The Rocky Mountains have long beckoned adventuresome people from around the world. Many visitors have said just the view of towering glacier packed peaks is more than sufficient to justify a journey to these magnificent mountains. The Canadian Rockies stretch from the northwest to southeast some 515 kilometers (320 miles) dividing Canada's two western most provinces, British Columbia and Alberta. People have spent a lifetime in this region and still have not satisfied a compelling passion for this unsurpassed scenery. So spectacular that as early as 1885, large tracts of the Rocky Mountain wilderness were set aside as protected national parks. With the building of the CPR in the late 19th century, guided tours and mountain climbing became very popular, especially with European mountaineers. And dry powder snow is another trademark of these Rockies!
Besides Banff National Park, the cornerstone of Canada's mountain park system, there are two more national parks to the west, Kootenay and Yoho, while to the north is Jasper National Park with the quaint town of Jasper offering services to visitors. These parks are truly year round playgrounds but in the winter, light dry powder snow is a magnetic attraction for skiers around the world. Marmot Basin is just south of Jasper and if you continue southeast through the Columbia Ice Fields about 230 kilometers (144 miles), you will encounter another world famous resort, Lake Louise. Also in Banff National Park are two more well known Alberta ski resorts, Sunshine Village and Mount Norquay. Head east on Highway 1 and you will reach the turn-off to Alberta's newest ski resort, built for the 1988 winter olympics. It is the Nakiska Resort on Mount Allan in Kananaskis country! There are other ski resorts in Alberta but for world class skiing quality, these five resorts offer it all!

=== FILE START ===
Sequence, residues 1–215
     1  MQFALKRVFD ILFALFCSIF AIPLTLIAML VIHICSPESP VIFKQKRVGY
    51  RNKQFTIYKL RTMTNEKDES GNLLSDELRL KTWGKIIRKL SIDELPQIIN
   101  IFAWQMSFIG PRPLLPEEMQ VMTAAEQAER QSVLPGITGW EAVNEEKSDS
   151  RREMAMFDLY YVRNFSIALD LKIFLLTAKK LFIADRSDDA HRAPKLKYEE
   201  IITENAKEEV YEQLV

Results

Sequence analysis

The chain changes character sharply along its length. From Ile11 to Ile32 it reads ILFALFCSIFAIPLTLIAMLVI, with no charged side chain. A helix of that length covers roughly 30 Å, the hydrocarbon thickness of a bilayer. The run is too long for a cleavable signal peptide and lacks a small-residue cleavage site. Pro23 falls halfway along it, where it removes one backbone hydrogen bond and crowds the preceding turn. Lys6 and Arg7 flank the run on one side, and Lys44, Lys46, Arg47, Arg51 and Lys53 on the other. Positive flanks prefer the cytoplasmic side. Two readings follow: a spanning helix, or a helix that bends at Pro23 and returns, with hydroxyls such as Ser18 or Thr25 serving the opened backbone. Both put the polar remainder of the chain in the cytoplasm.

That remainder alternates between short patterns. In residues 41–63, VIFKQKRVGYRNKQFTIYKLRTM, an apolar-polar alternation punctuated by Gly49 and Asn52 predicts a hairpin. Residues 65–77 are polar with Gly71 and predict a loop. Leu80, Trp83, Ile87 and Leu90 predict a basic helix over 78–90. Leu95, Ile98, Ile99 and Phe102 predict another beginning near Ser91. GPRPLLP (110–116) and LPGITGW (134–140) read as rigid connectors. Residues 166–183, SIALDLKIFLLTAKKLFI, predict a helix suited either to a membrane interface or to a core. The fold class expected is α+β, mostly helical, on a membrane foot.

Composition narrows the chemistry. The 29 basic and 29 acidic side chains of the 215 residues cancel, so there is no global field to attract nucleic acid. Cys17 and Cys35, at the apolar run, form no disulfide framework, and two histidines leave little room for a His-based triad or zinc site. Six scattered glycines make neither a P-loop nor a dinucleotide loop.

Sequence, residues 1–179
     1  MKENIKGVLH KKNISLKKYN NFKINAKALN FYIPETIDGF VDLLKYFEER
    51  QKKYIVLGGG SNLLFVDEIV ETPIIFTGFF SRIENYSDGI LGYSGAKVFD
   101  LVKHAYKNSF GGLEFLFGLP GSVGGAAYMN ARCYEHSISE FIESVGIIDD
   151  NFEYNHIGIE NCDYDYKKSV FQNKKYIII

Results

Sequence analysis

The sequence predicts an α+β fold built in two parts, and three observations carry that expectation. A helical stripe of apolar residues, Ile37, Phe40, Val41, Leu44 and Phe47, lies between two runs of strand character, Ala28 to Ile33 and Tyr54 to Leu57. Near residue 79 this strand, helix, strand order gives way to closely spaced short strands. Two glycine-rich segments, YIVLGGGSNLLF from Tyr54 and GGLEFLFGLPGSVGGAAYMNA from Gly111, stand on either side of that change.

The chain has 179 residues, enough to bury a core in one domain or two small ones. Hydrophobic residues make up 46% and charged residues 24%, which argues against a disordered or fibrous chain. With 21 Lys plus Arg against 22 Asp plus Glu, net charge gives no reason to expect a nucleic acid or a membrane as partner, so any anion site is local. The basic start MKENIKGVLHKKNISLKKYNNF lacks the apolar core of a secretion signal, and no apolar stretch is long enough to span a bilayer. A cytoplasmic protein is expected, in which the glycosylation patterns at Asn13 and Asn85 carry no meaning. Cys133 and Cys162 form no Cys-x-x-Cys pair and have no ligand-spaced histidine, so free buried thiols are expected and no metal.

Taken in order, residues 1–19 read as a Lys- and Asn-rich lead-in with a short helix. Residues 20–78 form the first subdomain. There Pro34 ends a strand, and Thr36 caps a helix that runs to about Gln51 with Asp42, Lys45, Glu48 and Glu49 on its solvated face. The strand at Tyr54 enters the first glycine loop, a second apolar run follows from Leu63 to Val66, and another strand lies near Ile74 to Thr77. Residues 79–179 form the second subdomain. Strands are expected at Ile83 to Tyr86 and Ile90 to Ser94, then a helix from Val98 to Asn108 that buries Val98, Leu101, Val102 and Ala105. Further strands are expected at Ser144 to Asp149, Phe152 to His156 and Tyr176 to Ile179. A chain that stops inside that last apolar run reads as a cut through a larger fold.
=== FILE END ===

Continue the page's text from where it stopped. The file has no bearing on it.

Your comments are welcome at dhaaheim at telus dot netHttp://www.tourcanada.com -- Revised: October 16,1996